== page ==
As today is the beginning of Women’s History month, and since I have spent many days walking through rural Galicia, I was would like to start by praising a Gallega writer named Rosalia de Castro. He face was plastered on posters all over shop windows, traffic posts, and announcement boards in Padron, one of the stops on the Camino. The tapas bar, Pulperia Real, even had banners with flags with her face decorating the main square. I was lucky enough to be in the town she lived and wrote in for most of her life, Padron, right around her birthday the 23rd of February. Her poems and excerpts from her essays were gloriously displayed in the town hall along with banners of her face. She is Galicia’s golden girl. So intrigued was I by this face that kept appearing over and over in the bus, in the supermarket, on bags, that I went to the municipal library and asked to read a few of her books. They were mostly written in Gallego but some had Castillano translations.
What characterizes her poetry is an emotional tone termed saudade, a mix of melancholy, longing, and nostalgia. I read an excerpt from one of her poems that is about a man who needs to emigrate to America as he has no way to support himself in his rural Galicia. The poem is basically his saying goodbye to the rivers, the fields, the birds, the countryside in a lyrical heart-wrenching exposition that reminded me of Edgar Lee Master’s Spoon River Anthology.
All of her works stand out, however, in their realistic depiction of the sufferings of women. She was a champion of women’s rights and her longer works focus on the plight of women and the lower classes.
I think Rosalia had that sad sensibility that comprehends that underneath the veneer of happiness lies the foundation of pain. She was born to unknown parents as she was dropped in the buzon for foundlings at one of the convents in Santiago. Most probably she was the product of an illicit union between two unequal social partners. She spent her childhood roaming the countryside around Padron due to ill health. She missed many days of school due to illness. This accounts for her romantic imagination and her love of nature.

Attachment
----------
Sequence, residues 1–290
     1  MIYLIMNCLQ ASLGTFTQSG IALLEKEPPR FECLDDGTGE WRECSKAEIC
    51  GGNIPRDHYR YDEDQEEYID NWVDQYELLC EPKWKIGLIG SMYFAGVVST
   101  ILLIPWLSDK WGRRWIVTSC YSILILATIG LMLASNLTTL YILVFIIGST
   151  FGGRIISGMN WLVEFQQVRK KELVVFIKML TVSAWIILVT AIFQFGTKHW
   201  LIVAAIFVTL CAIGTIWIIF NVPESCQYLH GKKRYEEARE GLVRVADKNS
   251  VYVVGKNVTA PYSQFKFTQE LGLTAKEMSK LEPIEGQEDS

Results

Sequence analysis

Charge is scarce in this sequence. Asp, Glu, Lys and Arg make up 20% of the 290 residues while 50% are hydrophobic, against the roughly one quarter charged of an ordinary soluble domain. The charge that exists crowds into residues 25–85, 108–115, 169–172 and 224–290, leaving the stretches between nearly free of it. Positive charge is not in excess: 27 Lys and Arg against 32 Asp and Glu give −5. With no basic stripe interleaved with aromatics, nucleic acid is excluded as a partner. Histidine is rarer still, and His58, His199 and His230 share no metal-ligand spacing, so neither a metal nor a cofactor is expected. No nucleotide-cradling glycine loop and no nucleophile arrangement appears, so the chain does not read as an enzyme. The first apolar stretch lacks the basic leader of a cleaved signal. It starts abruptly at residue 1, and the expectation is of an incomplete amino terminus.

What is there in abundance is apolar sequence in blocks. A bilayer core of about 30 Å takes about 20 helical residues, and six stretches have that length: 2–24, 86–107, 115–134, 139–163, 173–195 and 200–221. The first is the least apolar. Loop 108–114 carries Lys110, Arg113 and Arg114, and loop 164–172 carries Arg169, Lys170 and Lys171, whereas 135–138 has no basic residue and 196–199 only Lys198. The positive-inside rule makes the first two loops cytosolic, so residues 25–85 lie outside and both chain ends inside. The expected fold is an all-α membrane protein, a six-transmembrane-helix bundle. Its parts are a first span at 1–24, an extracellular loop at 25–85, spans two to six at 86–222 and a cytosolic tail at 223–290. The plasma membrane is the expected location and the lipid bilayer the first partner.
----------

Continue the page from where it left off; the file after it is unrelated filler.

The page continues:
Rosalia de Castro was born on February 23rd Writing in Galician and Spanish, after the period known as the Séculos Escuros (lit. Dark Centuries), she became an important figure of the Galician Romantic movement, known today as the Rexurdimento (“Renaissance”), along with Manuel Curros Enríquez and Eduardo Pondal.
She married Manuel Murguía, a member of the important literary group known as the Royal Galician Academy, historian, journalist and editor of Rosalía’s books. The couple had seven children: Alexandra (1859–1937), Aura (1868–1942), twins Gala (1871–1964) and Ovidio (1871–1900), Amara (1873–1921), Adriano (1875–1876) and Valentina (stillborn, 1877). Only two of Rosalía’s children married, Aura in 1897 and Gala in 1922; neither they nor their siblings left any children, and thus, today there are no living descendants of Rosalía de Castro and her husband. Their son Ovidio was a promising painter, his career cut short by early death.
Rosalía published her first collection of poetry in Galician, Cantares gallegos [gl] (“Galician Songs”), on 17 May 1863. This date, 17 May, is now known as the Día das Letras Galegas (“Galician Literature Day”), and commemorates Rosalía’s achievement by dedicating, every year, this special day to a different writer, who must also write in the Galician language, since 1963. Día das Letras Galegas is an official holiday in the Autonomous Community of Galicia.
Relative poverty and sadness marked Rosalía’s life, in spite of this, she had a strong sense of commitment to the poor and to the defenseless. She was a strong opponent of abuse of authority and an ardent defender of women’s rights. Rosalía suffered from uterine cancer and died in Padrón, province of A Coruña, Spain, on 15 July 1885.
She is buried in the Panteón de Galegos Ilustres, a pantheon (mausoleum) in the Convent of San Domingos de Bonaval in Santiago de Compostela, Spain.
Here is a short cartoon bio (if you can understand Spanish):